The pink buds on our crabapple were just beginning to show but the maples and oaks were still dressed in their solemn winter overcoats. The grass was growing, barely, but the ramps in the woods were delayed. The callery pear trees on the driveway had yet to blossom in cloudlike profusion let alone welcome back the Baltimore Orioles that feasted on their nectar.

But by the time we returned the maples around the house had leafed out. The bright petals from the pears as well as a couple ornamental apple and cherry trees had scattered in the breeze. And ruby-throated hummingbirds were buzzing their feeders and jockeying for mates.

I’d texted Lucy from Canada and suggested she hang the feeders. She reported she already had because the hummers were strafing her, wanting to know what was up with their sugar water after migrating thousands of miles from Central America. They were understandably famished.

I felt a little like Rip Van Winkle must have felt when he awoke from a 20-year nap. Life had continued without me and expected me to get up to speed. If you’ve lived somewhere long enough you flatter yourself, even if you’re as ignorant of nature and its processes as I am, that you enjoy a certain bond with your trees. They feel like members of the family. But they hadn’t offered the small courtesy of waiting until I returned to leaf out.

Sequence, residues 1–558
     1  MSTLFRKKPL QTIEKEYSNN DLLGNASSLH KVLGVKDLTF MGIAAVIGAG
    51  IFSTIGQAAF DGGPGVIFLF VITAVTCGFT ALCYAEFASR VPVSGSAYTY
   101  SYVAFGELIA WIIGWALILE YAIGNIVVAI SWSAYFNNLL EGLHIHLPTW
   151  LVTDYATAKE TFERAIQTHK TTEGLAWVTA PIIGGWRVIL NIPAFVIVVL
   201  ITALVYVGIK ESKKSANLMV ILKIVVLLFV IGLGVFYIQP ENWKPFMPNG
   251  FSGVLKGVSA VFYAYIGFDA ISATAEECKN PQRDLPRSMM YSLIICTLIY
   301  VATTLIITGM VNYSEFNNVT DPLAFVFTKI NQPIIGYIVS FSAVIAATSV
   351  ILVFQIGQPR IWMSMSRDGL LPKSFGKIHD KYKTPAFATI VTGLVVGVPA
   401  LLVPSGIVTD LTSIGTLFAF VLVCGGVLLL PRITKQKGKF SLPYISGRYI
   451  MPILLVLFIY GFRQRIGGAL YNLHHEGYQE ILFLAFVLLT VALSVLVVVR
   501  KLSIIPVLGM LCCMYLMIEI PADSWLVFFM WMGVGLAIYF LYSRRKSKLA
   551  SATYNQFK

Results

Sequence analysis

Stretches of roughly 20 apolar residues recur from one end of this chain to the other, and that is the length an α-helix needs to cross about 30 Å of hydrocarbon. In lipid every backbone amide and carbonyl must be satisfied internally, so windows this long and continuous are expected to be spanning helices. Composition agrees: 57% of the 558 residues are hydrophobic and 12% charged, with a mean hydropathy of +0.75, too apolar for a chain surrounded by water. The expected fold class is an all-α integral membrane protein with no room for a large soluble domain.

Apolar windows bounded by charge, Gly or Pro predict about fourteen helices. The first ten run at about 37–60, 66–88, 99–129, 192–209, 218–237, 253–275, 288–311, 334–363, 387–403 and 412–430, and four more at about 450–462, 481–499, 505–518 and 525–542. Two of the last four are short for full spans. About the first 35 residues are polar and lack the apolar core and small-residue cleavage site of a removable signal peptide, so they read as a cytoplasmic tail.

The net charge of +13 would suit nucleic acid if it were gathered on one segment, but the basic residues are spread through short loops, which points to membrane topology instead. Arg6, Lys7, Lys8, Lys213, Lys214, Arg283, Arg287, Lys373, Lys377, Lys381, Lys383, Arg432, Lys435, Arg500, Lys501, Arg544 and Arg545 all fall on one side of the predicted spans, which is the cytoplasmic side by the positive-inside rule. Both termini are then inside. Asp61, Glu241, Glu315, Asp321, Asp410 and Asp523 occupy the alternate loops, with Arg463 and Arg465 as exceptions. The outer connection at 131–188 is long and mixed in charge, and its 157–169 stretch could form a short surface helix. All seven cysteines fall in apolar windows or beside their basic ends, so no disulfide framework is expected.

Same thing with our pond. At 70 degrees it was already swimmable. It normally requires all my courage to take the season’s first plunge with water temperatures in the mid-60s. But paddling about under the sun the experience was almost balmy. I was also pleased to see that our three carp had survived the winter. Fish aren’t especially emotive, still but mine didn’t behave as if I’d been missed me at all.

There are certain advantages about returning home with spring in full bloom. But you’ve missed a lot, too.

Ralph Gardner Jr. is a journalist whose work has appeared in the Wall Street Journal, the New York Times and The New Yorker. He can be reached at ralph@ralphgardner.com. The opinions expressed by columnists do not necessarily reflect the views of The Berkshire Eagle.